The Tufts Community Union Senate passed a resolution calling on the university to give incarcerated and formerly incarcerated participants in the Tufts University Prison Initiative of Tisch College (TUPIT) the opportunity to earn a Tufts degree and discussed recent anti-Asian racism in a virtual meeting on Sunday evening.
Elections Commission Chair Mark Lannigan opened the meeting by speaking about the TCU government elections that will take place in April.
Elections for all positions within TCU Senate, TCU Judiciary and the Committee on Student Life will be held April 13–14. The TCU Senate presidential election will be held April 22–23.
TCU President Sarah Wiener encouraged the senators to recruit interested students to run for student government positions.
“Elections that are contested are always motivation for people to be extra committed to Senate,” Wiener, a senior, said. “So, if you have friends that are interested in running for Senate, talk to them about it.”
TCU Senate then voted unanimously to pass a resolution calling on Tufts to expand the TUPIT program. The program currently offers an associate’s degree from Bunker Hill Community College to its incarcerated and formerly incarcerated participants; this expansion would offer those students the opportunity to pursue a Tufts bachelor’s degree with a major in Civic Studies.
Claudia Guetta was one of the two TUPIT student coordinators who submitted the resolution. She explained the reasoning behind the resolution.
“[Participants are] taking the same classes that Tufts Arts and Sciences students do, so for equal credits we’re essentially … saying that these Tufts students deserve equal degrees,” Guetta, a junior, said.
Guetta expanded on this further.
“For us it really comes down to educational and racial equity,” Guetta said. “Tufts’ anti-racist mission is claiming to implement new education programs and revised curricula … and we see TUPIT’s work as furthering that [goal of] racial and economic justice.”
Faculty from the School of Arts and Sciences will vote on the resolution on May 14. Guetta and Alex Lein, another TUPIT student coordinator and co-author of the resolution, hope that TCU Senate’s unanimous support of the resolution will encourage faculty to vote to expand the program.
Next, TCU Senate read an abstract for a resolution submitted by Class of 2024 Senator Ritesh Vidhun and TCU Senate Administration and Policy Chair Ibrahim AlMuasher that would call on Tufts to require that all undergraduate students receive their COVID-19 vaccinations prior to returning to campus for the fall 2021 semester, barring medical and religious exemptions.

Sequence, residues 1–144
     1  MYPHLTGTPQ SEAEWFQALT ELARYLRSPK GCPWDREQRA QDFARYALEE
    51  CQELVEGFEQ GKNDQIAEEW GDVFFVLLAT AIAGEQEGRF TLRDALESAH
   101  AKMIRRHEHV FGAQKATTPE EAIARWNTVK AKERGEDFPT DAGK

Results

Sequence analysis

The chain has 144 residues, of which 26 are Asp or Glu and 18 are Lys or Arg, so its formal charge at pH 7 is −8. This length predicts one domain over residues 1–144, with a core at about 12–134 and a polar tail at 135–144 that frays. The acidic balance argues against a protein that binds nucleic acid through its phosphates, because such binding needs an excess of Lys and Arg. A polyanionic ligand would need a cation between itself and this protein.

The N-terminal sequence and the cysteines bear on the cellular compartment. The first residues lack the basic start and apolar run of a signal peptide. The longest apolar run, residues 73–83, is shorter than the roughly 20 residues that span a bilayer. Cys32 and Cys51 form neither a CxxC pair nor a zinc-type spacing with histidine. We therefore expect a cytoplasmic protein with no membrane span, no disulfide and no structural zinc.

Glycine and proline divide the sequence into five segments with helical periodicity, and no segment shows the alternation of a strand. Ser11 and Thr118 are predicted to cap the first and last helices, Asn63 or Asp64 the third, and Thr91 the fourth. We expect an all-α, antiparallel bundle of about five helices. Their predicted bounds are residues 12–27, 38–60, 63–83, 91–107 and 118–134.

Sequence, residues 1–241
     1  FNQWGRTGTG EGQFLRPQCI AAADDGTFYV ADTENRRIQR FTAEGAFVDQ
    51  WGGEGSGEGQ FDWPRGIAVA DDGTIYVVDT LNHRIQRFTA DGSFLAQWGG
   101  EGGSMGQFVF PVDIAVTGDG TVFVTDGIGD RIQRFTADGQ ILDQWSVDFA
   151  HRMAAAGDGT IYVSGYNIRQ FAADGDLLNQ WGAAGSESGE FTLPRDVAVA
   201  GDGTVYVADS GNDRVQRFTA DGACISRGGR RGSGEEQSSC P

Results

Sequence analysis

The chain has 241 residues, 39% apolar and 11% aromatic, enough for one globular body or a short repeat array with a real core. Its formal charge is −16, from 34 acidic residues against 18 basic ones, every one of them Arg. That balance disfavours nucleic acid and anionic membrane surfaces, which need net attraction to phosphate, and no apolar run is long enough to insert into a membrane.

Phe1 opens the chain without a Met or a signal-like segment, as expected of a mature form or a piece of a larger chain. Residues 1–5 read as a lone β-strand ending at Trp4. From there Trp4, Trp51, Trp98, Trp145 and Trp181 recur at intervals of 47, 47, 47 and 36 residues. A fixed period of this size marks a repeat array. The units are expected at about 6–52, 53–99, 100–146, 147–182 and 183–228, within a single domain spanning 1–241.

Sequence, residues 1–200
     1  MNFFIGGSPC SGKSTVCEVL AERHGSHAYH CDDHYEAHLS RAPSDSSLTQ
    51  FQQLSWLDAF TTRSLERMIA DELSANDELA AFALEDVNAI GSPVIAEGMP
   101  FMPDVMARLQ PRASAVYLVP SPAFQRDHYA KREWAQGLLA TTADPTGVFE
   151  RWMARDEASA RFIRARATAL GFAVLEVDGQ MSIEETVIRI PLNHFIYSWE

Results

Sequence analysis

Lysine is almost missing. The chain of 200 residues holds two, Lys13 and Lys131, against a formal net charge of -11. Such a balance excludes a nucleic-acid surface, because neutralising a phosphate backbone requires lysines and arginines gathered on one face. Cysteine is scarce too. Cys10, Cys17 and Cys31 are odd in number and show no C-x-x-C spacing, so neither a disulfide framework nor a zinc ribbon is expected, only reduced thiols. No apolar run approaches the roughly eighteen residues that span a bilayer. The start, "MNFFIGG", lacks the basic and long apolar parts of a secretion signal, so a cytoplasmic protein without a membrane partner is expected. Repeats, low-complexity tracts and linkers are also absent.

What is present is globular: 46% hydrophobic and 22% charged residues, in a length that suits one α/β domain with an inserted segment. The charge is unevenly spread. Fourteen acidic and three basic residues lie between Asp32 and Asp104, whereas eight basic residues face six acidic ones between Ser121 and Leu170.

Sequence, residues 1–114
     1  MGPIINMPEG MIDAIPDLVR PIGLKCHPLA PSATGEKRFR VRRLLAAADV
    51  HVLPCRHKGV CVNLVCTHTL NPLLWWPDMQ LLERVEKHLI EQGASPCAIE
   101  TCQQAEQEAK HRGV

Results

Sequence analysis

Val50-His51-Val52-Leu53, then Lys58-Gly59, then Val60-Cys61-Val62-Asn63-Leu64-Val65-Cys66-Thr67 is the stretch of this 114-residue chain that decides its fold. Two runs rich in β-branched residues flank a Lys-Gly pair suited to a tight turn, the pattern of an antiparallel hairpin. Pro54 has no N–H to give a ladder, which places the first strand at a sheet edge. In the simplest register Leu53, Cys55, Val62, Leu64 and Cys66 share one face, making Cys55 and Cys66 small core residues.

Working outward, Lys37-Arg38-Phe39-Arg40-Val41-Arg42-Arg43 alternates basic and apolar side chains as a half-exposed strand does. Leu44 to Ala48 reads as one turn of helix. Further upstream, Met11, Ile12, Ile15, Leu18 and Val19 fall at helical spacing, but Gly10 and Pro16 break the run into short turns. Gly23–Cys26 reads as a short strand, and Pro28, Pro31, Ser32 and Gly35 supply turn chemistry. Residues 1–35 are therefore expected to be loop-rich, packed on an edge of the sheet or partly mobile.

The abstract also calls on the university to provide vaccines for those students who otherwise would not have access. TCU Senate will vote on a full-text version of the resolution in the coming weeks.
TCU Parliamentarian Taylor Lewis then led senators in a discussion of proposed changes to the TCU Senate bylaws.
One proposed change would create the position of assistant diversity officer within TCU Senate. The assistant diversity officer would be elected from within the TCU Senate Committee on Community Diversity and Inclusion.
TCU Senate heard supplementary funding requests from two student organizations.
JumboCast requested $100 to upgrade their broadcasting software. Eight members of the Allocations Board voted in favor of the request, with none opposed and none abstaining. The request passed TCU Senate by acclamation.
CheeHoo Hawai’i Club, a new student organization, requested $434 to fund four events, including a trivia night and a lei-making event. Eight members of Allocations Board voted in favor of the request, with none opposed and none abstaining. The request passed TCU Senate by acclamation.
TCU Diversity Officer Mathew Peña called for a moment of silence for the victims of this week’s Atlanta shooting, six of whom were of Asian descent.
“Just take a step back and actually recognize how much hurt and pain is currently within that community,” Peña, a senior, said.
After the moment of silence, Peña led TCU Senate in a discussion about racism and violence towards the Asian American community. The senators discussed how anti-Asian racism is not isolated to the COVID-19 era, nor is it unique to any one century or geographic location.
“I’d also just highlight, on a personal standpoint, there are so many Asian people in your life who you know and love, who are scared for their own safety and/or for the safety of their loved ones,” TCU Vice President Grant Gebetsberger said. “That’s something to just consider in your interactions … right now because that’s something that’s really raw and scary for a lot of people.”